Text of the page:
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European Commission

[Check Against Delivery]

José Manuel Durão Barroso

President of the European Commission

Speech by President Barroso at the Second Innovation Convention

The Second Innovation Convention

Brussels, 10 March 2014

Dear Prime Minister, Dear Mark,

Dear Commissioner, Dear Máire,

Ladies and Gentlemen,

Dear Friends

It is a pleasure to be with you again for the second Innovation Convention, after the first successful one which took place here in December 2011. I would particularly like to thank Commissioner Máire Geoghegan-Quinn for all her efforts, her competence, and enthusiasm in driving forward an ambitious European agenda on innovation, in the context of our overall Europe 2020 agenda, and also for her role, and the role of her team, in organising this Convention today.

Let me also thank Prime Minister Mark Rutte of the Netherlands for joining us today. Dear Mark, I think you have been a great advocate for innovation in Europe. Since you now have these indicators and ranking on innovation, let me tell you that if there was a ranking for the Prime Ministers in favour of innovation in the European Council, then you would certainly be one of the best, and certainly in the top three. I will not say more about the other two.

This Convention is the perfect embodiment of innovation. It is ambitious, bigger and broader than the first edition. It is also innovative itself in the way it is being run, with real live stories being told, and some exciting real examples of innovations on show. The counter example is myself as I am going to give a classic speech, for which I am sorry! And when I look at the audience and list of participants, I see the brightest and the best not just from Europe, but from across the world. So let me also say a special word of welcome to our friend and Minister of Science of South Africa and many other personalities that I know are among us, because we care about openness in Europe and in the world.

Innovation has a vital role to play in the recovery and in shaping our societies of tomorrow. Europe has a good story to tell, but we still need to do more to foster innovation and we want to do it with our partners.

Ladies and Gentlemen,

As Anne has just mentioned, a lot has happened since I was standing here in front of you in December 2011.

We were then in the middle of the worst crisis to have hit our economies since the European Community was created. People questioned whether there was the political and economic will to find solutions for the European economy and for European citizens. It was, at that time, common to speak about exit of Greece, the implosion of the Euro, some people were still speaking of the possibility of the disintegration of the European Union.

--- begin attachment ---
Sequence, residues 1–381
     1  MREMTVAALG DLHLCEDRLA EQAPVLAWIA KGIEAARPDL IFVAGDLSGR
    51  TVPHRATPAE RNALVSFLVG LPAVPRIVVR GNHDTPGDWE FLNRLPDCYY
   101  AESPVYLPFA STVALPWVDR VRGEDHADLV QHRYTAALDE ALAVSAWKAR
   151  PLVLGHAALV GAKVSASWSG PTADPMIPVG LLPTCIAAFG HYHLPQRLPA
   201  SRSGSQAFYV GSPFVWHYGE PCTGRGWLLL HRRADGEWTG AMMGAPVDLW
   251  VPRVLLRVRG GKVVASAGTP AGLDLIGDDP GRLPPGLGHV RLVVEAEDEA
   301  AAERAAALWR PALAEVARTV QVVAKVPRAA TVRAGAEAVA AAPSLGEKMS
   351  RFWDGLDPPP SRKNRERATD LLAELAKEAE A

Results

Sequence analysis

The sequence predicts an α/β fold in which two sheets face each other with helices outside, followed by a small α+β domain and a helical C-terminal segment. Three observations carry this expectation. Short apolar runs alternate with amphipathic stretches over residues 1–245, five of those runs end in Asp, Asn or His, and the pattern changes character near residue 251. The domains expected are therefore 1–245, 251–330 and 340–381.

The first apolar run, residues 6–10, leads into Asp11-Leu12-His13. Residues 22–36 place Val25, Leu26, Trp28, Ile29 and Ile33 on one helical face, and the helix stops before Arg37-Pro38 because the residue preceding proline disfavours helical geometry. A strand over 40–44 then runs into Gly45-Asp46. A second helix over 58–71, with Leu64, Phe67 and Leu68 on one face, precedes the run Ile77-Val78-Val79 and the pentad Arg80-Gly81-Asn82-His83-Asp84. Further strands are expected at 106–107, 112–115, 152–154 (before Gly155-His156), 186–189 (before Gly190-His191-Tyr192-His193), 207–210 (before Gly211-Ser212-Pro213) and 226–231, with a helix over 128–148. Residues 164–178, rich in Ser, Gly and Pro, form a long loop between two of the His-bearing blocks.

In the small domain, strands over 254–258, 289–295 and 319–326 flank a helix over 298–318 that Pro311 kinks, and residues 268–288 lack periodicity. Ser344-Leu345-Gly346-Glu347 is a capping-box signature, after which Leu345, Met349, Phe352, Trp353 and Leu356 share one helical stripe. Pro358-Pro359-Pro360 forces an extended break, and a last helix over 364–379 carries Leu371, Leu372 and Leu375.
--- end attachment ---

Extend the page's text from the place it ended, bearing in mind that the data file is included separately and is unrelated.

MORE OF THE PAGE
I am glad to say that we have managed to find a path that resisted short-term and inward-looking measures. I am confident, as the year progresses and slides into the second half of this decade, that we will have found solutions that learned from the past, allowing us to emerge stronger, more united, more open, more competitive and also more innovative and more forward-looking.

Although it remains fragile and modest, we are now recovering. Our recovery is gaining ground, with the most recent GDP forecasts two weeks ago raised to 1.5% growth this year and 2% next year.

So, we have reasons to look at the world and to our economy with confidence. Namely, there is now improvement in confidence of investors and consumers. I really believe we have turned the corner. But indeed we should avoid any kind of complacency. External shocks remain a threat, from economic developments in the emerging powers, to political developments on our doorstep, for instance in Ukraine. And with the current level of unemployment, especially amongst our younger generations, we cannot say, unfortunately we cannot say, that the crisis is over.

We know we cannot go back to business as usual. The world after the crisis will not be like the world before the crisis. We know we need to build on our momentum and cannot sit back and relax. We know standing still has the same effect as sliding backwards.

And I know that you – as innovators – forward looking as you all are by your DNA, understand this better than anyone else; that we must invest in the future, that the future of Europe is science, the future of Europe is innovation.

Ladies and Gentlemen

Innovation plays a vital role in our recovery and long term vitality. Our economic and social recovery requires innovation and competitiveness to create jobs and growth. Evidence shows that countries which invest in research and innovation have been the best equipped to get out of the economic crisis.

And that is why research and innovation are at the very heart of our Europe2020 strategy for smart, sustainable and inclusive growth. We have already taken significant steps in the right direction with our flagship initiative on the Innovation Union, as well as concrete targets, such as investment in R&D equivalent to 3% of GDP, reducing the number of early school leavers and increasing the number of citizens with tertiary education, so that we can match our skills with our future economic needs.

Innovation and skills go to the very heart of what we, in Europe, should be about in the 21st Century, in our knowledge, in our values and in our way of living.

That is why I am delighted to see the breadth of the sectors represented at this Convention. Because innovation applies to all areas of our society, from agriculture to energy and to the new digital age; from health and sport to the environment, transport, space; from a new mode of producing to a new mode of consuming; and it can be applied by us all in the private and public sector.